When Dr. David Kooby writes or talks about pancreatic cancer — specifically pancreatic ductal adenocarcinoma — he can’t get around the reality of a grim prognosis.

The best approach to fight this cancer is surgery that carves out the malignant cells, but Kooby said only 15 percent to 20 percent of patients, who average about 67 years of age, are candidates for the operation because the disease is too advanced or they aren’t healthy enough for the procedure.

Perhaps 20 percent of those who get the surgery see a long-term survival benefit. That’s three or four out of every 100 patients diagnosed who will live for several years after surgery, said Kooby, a member of Ahavath Achim Synagogue who is the director of surgical oncology at Emory St. Joseph’s Hospital.

Dr. David Kooby is cautiously optimistic about better results against pancreatic cancer.

Dr. David Kooby is cautiously optimistic about better results against pancreatic cancer.

That’s not to say the surgery is rarely worthwhile. The average patient who gets no treatment lives six months after a ductal adenocarcinoma diagnosis; the life expectancy grows to eight or nine months with chemotherapy. With surgery, survival is typically closer to 20 months, the doctor said.

Kooby and his colleagues are working hard to improve the surgical odds and perhaps have reason for optimism in a tool developed by Georgia Tech and Emory engineers and scientists.

“We are hopeful that survival for patients will improve in the years to come,” he said.

The additional grim news is that surgeons need more success against pancreatic cancer because the incidence of the disease is growing.

The Centers for Disease Control and Prevention reported about 29,000 new cases annually 15 years ago; now the number is about 50,000.

Multiple factors are producing more cases, Kooby said. The most obvious is that baby boomers are hitting their 60s and 70s, so more people are in the age group most likely to develop the disease. Better diagnostic technology is helping find tumors whose spread might have confused doctors 20 years ago. And people are more likely to talk about pancreatic cancer now.

The biggest risk factor for pancreatic cancer is something you can control — smoking — and Kooby said it’s likely that obesity and diet play roles in cancer in a digestive organ. Dysfunction in the pancreas is connected to diabetes, so it’s not surprising that the development of diabetes later in life is associated with pancreatic cancer.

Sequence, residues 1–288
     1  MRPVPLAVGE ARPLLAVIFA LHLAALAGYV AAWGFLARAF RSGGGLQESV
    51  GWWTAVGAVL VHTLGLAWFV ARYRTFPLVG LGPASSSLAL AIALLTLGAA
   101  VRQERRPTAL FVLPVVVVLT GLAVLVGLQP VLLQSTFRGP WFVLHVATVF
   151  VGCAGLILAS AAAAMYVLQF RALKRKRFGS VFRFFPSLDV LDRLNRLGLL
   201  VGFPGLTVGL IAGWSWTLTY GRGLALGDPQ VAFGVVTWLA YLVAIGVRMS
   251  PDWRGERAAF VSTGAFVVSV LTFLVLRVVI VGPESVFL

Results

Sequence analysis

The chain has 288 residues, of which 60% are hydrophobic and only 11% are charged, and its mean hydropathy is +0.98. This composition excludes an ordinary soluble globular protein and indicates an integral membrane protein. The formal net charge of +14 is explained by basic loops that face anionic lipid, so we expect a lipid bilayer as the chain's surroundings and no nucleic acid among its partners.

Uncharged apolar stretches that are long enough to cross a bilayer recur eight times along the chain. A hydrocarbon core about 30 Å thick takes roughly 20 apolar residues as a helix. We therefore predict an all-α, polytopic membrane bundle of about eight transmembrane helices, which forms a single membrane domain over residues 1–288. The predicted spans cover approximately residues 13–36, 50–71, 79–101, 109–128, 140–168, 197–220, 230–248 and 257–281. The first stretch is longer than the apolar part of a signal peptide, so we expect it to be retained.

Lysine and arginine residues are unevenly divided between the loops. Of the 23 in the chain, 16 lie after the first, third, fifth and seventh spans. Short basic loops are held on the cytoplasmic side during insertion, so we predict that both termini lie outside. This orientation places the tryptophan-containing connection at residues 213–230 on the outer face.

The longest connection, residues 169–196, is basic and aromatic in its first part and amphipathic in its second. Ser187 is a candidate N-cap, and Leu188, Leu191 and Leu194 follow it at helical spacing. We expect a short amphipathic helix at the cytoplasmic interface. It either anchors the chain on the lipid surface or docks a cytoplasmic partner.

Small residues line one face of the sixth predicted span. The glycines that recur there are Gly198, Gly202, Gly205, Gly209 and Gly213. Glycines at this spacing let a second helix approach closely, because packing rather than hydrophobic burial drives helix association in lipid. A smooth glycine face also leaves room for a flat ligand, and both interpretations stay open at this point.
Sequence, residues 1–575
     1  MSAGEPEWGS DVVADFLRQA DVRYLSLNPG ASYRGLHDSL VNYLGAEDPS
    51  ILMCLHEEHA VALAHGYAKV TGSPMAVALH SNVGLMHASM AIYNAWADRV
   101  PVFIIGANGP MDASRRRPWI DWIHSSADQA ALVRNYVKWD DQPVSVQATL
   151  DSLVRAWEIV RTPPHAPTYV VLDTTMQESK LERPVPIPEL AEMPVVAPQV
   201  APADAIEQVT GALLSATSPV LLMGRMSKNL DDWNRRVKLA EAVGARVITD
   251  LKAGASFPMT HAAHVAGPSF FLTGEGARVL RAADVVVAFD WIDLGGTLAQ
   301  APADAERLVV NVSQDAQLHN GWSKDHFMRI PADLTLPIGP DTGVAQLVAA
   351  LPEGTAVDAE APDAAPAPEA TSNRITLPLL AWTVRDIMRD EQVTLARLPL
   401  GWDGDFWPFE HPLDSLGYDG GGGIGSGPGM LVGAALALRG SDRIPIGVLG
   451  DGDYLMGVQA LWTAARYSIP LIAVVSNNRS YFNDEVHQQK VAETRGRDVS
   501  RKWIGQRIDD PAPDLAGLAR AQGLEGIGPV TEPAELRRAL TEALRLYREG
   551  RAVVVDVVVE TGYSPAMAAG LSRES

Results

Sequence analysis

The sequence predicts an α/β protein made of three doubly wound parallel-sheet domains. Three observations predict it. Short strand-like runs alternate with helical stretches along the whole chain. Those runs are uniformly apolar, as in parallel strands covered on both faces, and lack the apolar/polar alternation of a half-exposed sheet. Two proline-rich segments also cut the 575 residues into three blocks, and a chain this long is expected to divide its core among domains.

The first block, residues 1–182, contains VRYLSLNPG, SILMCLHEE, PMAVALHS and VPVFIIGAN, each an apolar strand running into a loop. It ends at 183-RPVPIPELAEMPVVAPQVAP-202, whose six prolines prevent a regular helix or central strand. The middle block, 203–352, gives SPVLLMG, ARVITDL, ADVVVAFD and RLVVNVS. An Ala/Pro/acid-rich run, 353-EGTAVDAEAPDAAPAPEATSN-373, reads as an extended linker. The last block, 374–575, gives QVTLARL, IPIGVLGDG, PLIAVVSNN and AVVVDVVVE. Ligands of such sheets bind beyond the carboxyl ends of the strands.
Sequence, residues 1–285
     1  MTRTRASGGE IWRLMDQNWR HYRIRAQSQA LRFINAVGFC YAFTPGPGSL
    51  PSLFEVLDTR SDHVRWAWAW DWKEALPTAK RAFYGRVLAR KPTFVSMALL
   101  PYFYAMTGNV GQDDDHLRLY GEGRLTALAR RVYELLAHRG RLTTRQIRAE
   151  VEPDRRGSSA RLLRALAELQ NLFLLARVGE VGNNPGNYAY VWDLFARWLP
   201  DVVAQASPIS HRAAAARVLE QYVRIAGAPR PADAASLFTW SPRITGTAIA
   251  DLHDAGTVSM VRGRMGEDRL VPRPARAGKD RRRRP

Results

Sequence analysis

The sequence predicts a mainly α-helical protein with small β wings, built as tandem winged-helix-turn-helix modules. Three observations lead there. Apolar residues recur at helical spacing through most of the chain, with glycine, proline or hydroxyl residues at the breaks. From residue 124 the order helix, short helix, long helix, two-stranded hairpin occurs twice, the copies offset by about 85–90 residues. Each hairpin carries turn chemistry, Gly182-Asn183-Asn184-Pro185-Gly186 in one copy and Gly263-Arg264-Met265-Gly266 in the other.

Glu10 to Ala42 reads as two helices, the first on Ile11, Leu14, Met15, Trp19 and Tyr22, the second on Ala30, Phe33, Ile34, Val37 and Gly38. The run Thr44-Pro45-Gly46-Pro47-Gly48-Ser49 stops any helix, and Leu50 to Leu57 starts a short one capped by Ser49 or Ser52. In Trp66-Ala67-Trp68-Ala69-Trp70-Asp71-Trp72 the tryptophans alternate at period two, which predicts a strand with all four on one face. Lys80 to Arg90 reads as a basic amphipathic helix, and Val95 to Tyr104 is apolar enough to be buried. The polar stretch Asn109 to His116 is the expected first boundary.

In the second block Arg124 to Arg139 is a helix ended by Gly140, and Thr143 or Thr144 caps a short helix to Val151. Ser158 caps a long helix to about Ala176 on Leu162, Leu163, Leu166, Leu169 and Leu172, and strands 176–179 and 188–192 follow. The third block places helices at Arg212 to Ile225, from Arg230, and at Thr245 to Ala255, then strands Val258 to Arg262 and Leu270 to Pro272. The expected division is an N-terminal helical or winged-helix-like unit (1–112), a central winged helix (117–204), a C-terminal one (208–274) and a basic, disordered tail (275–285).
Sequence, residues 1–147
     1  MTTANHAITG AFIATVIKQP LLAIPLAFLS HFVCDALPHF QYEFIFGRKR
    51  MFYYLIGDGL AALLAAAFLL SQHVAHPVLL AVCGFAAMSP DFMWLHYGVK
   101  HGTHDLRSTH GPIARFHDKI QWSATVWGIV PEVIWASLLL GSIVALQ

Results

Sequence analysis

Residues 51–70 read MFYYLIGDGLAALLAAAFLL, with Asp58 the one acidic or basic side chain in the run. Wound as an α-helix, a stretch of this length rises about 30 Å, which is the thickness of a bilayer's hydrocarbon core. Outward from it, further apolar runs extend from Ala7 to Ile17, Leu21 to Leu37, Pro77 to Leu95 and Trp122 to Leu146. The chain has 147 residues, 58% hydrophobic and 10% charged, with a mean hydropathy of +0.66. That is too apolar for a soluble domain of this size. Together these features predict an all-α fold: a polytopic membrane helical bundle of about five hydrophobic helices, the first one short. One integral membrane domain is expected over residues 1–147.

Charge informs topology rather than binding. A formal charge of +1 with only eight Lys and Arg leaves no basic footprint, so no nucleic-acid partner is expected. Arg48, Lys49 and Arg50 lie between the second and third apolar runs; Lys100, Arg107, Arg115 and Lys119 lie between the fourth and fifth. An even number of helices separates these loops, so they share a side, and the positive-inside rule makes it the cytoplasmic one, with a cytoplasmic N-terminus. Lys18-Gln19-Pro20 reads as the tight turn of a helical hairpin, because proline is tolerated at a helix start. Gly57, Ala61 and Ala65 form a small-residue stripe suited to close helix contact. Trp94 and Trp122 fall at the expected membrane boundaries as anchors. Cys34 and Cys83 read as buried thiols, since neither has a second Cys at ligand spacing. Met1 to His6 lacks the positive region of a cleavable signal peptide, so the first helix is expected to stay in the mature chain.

There also are genetic influences, including the BRCA gene linked to breast cancer. If you have a family history of pancreatic cancer, your risk is higher. But unlike breast, colorectal, prostate and lung cancers, there’s not a good screening test for pancreatic cancer, so it’s hard to catch early even if you think you’re at risk.

The symptoms often are nonspecific, such as weight loss and malaise, but jaundice in someone in his 60s is a strong sign, as are dark urine from bile getting into the bloodstream or white stools from bile not making it to the colon.

For those pancreatic cancer patients who have surgery, Kooby said, one of the keys to success is removing the whole tumor but as little healthy tissue as possible. Taking out the whole pancreas, for example, leaves the patient with diabetes and digestive problems. The more of the pancreas you can leave, the better.

“We’re pioneering ways to identify where the tumor ends and normal tissue begins to optimize tumor removal,” Kooby said.

That’s where a surgical tool called the SpectroPen, announced by Emory and Georgia Tech five years ago, might make a difference.

A medical dye that binds to proteins in the bloodstream is injected into the patient at the start of surgery. Because the blood vessels around a tumor are abnormal, the amount of dye spikes at the edges of a tumor. The SpectroPen uses a spectrometer to identify with precision those areas and thus define the margins of the tumor.

In preliminary testing, the pen seems useful, Kooby said.

“We’re in an era when we are — although there is a long way to go in understanding, treating and helping patients with this disease — making some progress,” he said. “We have to maintain some optimism for the future.”